Florida Realtors® reports that a single Orlando law firm has filed 48 lawsuits against Florida property managers for refusing to rent to tenants with prior felony convictions. They are alleging that refusing to rent to tenants with a criminal history violated the fair housing act. In 2016, HUD issued guidelines that a blanket policy of refusing to rent to an applicant with a prior arrest, misdemeanor conviction, or a felony conviction more than 7 years old had a disparate impact on African Americans and Hispanics according to Department of Justice statistics. A housing provider must show that its screening policy is necessary to achieve a substantial non-discriminatory interest. The policy cannot be speculative or hypothetical. Evidence must exist that supports the screening policy. The housing provider must prove through reliable evidence that the policy serves the purpose of protecting the safety and property of the other residents. Also that there are no less discriminatory alternatives.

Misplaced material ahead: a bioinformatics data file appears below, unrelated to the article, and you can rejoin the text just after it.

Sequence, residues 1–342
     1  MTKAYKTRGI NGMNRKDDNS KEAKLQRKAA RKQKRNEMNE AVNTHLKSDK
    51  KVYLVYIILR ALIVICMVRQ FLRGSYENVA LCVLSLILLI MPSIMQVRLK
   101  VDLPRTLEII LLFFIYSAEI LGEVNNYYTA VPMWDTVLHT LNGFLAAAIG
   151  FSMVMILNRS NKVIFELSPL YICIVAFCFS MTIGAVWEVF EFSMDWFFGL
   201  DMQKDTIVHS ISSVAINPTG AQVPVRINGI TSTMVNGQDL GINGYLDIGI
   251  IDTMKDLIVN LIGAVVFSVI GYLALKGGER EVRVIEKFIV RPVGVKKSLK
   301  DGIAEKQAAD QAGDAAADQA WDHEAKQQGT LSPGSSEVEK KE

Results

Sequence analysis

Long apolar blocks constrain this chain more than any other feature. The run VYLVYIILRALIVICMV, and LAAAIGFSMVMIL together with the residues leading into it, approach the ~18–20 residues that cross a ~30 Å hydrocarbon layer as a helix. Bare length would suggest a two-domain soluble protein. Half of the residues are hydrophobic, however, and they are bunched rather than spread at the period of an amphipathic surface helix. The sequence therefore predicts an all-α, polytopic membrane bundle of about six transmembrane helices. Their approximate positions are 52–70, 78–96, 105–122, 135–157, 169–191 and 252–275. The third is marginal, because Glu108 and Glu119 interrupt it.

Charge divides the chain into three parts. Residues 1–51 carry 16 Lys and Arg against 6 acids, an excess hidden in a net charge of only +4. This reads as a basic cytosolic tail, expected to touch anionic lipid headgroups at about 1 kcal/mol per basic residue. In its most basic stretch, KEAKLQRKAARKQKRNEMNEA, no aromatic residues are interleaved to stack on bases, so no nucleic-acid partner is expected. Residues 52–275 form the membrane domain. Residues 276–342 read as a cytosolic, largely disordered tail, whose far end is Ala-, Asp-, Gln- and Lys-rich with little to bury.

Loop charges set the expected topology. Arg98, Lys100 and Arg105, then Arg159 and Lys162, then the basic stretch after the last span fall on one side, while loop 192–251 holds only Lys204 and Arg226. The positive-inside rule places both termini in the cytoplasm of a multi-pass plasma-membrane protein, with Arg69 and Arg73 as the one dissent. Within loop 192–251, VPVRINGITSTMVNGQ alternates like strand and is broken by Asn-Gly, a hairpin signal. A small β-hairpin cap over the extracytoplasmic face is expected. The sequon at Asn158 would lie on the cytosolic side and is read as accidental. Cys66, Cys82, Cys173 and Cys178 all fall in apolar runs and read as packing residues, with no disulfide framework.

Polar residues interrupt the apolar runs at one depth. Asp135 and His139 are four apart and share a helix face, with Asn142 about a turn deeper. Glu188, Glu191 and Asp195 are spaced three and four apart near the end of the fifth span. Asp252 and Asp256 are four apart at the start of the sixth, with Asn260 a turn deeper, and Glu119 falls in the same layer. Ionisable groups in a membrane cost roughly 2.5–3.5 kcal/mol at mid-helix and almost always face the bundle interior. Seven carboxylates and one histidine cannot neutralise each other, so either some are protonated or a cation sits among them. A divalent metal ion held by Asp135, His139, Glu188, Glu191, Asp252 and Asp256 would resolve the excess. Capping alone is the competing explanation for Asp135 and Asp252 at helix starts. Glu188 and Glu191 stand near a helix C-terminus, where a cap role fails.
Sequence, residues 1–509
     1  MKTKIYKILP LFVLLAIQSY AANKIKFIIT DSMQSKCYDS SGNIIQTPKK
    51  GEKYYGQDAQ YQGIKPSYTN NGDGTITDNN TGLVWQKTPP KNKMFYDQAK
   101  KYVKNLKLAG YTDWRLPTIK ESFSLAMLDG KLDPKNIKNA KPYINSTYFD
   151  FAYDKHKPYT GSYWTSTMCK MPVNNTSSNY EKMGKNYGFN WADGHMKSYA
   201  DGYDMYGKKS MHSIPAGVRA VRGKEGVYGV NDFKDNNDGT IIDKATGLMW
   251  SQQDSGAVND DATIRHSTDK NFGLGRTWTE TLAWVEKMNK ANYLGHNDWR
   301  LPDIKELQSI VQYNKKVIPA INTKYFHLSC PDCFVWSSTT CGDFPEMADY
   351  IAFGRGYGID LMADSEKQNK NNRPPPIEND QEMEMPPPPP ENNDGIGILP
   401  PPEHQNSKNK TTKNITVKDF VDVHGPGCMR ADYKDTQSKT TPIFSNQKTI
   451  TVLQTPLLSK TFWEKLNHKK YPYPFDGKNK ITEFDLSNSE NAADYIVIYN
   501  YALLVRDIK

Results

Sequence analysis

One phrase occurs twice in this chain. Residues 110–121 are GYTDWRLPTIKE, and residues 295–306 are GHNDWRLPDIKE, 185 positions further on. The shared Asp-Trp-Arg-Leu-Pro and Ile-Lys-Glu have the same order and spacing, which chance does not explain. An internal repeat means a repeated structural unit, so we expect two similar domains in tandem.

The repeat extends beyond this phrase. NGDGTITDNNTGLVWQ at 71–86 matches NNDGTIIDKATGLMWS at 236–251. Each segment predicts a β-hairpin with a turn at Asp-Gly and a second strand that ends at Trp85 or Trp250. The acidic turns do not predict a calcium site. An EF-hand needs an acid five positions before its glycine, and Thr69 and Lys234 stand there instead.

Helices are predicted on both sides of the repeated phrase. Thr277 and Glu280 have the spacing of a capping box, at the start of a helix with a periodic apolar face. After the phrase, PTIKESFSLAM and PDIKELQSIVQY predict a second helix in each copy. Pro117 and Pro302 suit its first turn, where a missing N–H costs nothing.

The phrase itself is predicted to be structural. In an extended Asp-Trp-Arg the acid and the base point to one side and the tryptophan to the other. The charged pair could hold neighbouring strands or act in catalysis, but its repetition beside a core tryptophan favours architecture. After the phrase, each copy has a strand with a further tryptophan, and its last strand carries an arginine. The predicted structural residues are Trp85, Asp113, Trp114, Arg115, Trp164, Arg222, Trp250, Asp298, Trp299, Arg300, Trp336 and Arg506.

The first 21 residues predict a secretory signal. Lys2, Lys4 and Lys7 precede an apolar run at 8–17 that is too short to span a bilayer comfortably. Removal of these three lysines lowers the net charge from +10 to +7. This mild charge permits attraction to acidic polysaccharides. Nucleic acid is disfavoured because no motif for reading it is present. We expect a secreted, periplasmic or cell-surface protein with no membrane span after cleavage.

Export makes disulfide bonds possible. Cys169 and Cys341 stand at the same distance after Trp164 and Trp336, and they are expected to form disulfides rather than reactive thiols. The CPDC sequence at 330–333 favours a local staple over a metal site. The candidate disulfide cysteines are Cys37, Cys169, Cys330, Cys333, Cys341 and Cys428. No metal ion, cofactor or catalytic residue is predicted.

HUD examples: length of time since the applicant’s conviction. A good rental history since the conviction. The circumstances surrounding the criminal conduct.
A housing provider should have a written policy calling for applicants to be evaluated on a case by case basis. Document the research done and results found on each applicant. Make sure the policy is being followed and that it is not resulting in a discriminatory effect. Make sure the policy is being applied on a consistent basis. Review the applicants financial qualifications before checking their criminal history, so that a denial on a financial basis is not tainted by criminal history that should not have been considered. Arrests not resulting in a conviction should not be considered and thus should not by a criteria on the application. Blanket restrictions on certain convictions or all applicants with a criminal record will be discriminatory. Each applicant must be evaluated on a case by case basis.